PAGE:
The Indian industrial sector has slowed down and reviving it is an immense challenge, given problems in the availability of power. Many states across the country have been facing daily power cuts of upto six hours; the situation is only worsening despite measures being taken by the government such as sprucing up coal supplies. There was power generation loss of some 5.3 billion units in the period of April to October, 2011, due to coal supply shortage. The country’s largest miner, Coal India limited (CIL), revised its production target in 2011 to 440 metric tonnes (MT) from the previous 452 MT. This clearly shows that CIL will not be able to meet its production target in the coming year, either. Most of the companies are looking to source coal from other countries either through fuel supply agreements or buying coal assets in coal-rich countries. Even the Coal Ministry of India has indicated that the importation of coal is being considered as an option for power production.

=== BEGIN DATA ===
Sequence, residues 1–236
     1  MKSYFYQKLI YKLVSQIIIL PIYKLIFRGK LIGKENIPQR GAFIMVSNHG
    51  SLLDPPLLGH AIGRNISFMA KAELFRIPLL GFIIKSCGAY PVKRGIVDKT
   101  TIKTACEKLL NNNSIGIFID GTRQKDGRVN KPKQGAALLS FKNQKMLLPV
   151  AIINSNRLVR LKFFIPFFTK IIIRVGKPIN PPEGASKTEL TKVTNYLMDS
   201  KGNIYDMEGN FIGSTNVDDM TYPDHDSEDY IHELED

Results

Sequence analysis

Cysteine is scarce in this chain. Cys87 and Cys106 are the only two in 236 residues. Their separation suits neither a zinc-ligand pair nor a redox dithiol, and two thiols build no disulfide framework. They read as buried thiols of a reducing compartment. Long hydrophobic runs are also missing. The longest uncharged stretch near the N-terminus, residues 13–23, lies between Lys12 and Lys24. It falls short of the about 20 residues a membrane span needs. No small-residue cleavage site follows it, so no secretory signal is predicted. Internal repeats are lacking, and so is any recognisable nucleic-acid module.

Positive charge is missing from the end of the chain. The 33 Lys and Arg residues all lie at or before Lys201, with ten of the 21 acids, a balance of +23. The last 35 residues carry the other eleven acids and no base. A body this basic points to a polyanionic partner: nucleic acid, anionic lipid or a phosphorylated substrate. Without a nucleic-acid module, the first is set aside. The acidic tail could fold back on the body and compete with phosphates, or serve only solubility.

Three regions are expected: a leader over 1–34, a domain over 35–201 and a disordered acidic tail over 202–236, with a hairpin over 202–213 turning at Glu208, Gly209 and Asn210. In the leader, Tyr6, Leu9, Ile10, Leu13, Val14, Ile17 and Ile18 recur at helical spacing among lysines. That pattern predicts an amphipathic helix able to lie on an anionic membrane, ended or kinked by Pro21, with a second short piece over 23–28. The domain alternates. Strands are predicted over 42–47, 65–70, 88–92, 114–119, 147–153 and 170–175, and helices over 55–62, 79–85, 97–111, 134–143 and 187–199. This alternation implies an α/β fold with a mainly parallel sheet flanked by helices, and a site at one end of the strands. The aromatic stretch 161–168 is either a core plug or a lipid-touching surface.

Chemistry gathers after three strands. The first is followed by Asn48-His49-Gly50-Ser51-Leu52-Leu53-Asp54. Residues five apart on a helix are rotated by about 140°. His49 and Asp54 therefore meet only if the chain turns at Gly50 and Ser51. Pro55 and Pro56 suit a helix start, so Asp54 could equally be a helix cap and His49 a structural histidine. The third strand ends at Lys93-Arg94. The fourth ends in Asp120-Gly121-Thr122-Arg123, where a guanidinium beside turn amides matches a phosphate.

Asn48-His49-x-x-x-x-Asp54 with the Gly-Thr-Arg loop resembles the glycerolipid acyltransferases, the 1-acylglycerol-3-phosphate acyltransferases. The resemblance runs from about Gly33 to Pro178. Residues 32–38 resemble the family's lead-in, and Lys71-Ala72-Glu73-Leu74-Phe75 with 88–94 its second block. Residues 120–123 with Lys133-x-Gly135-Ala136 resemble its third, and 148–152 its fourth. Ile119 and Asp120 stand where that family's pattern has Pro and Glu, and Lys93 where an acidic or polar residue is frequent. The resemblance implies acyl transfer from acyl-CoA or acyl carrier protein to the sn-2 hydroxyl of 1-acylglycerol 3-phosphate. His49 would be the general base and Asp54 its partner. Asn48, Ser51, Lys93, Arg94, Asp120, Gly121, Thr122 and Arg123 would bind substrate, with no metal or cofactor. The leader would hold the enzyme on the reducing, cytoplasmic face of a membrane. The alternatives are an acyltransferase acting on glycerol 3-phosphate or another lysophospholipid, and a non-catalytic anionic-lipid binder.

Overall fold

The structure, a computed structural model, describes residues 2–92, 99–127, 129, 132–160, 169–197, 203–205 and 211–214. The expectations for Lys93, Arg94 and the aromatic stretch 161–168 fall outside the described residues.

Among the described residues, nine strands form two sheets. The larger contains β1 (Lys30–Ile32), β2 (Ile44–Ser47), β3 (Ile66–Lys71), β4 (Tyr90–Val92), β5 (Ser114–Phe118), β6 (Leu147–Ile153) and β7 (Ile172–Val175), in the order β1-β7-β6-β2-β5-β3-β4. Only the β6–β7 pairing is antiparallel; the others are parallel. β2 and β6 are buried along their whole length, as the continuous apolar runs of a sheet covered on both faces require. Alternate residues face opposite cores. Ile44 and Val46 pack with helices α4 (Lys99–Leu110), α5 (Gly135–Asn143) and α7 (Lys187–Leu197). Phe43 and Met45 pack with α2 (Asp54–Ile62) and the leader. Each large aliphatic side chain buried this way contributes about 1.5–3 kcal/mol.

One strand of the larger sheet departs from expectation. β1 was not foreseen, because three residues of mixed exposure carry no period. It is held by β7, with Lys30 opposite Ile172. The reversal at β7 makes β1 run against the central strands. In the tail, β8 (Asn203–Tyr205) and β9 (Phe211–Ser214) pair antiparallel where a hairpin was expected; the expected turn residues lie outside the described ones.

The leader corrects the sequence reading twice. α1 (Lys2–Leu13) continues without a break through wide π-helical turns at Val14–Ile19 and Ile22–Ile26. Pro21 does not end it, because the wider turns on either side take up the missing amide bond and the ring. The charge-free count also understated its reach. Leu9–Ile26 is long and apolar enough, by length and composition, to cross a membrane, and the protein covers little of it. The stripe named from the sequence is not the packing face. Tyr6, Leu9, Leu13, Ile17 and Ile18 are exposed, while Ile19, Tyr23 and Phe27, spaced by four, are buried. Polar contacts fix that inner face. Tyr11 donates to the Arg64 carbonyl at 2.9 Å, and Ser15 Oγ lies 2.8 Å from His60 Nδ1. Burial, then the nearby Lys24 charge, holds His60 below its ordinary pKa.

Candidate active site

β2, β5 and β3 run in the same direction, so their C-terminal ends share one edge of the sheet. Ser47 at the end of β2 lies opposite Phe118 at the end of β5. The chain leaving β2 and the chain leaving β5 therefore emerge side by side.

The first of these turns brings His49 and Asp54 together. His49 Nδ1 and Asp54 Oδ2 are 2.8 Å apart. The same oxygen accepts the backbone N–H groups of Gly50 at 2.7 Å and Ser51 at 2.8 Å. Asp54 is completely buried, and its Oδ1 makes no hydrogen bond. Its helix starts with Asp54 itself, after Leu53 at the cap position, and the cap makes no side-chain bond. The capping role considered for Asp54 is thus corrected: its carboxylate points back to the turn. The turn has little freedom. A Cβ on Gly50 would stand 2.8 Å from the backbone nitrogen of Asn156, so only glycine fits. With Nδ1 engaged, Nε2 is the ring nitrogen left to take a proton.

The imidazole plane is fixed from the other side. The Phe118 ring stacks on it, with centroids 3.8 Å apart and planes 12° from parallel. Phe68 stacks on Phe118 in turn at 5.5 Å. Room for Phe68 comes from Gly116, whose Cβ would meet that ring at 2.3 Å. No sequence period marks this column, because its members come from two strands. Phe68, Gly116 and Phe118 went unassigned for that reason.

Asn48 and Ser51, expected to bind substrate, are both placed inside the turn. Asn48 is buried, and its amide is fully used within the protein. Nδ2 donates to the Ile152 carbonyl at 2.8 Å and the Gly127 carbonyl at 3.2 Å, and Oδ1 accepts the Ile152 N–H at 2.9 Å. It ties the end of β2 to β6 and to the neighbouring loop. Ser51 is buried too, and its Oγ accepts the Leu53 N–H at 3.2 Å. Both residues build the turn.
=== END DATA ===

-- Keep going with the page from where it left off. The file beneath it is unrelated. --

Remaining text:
Most of the countries in which Indian companies have shown interest have issues and problems similar to those in India, including that of inadequacy of infrastructure for transport and export. The cost of developing support infrastructure has to be borne by the miner. The investment requirement for this is huge and it would be an unfair burden on individual companies. Other challenges which need to be taken into account before acquiring overseas coal properties include: political stability; tax regime; and law and regulatory framework. A project could quickly turn non-viable for a company with the slightest changes in these factors. Such was seen in 2011 when Indonesia changed its mining laws, resulting in that country’s coal becoming upto four times costlier. Many other countries are considering amendments in their mining laws. Caution is therefore required if India is to secure overseas deals.
However, simply importing coal to fill the shortages will obviously not be sustainable, and would fail to serve a long-term purpose. Given that India’s poor-quality coal, coal shortages and increasing demand for power, are providing the impetus for more imports from coal-rich countries, there is a need to study the respective coal industries of other countries with reference to India’s own needs.
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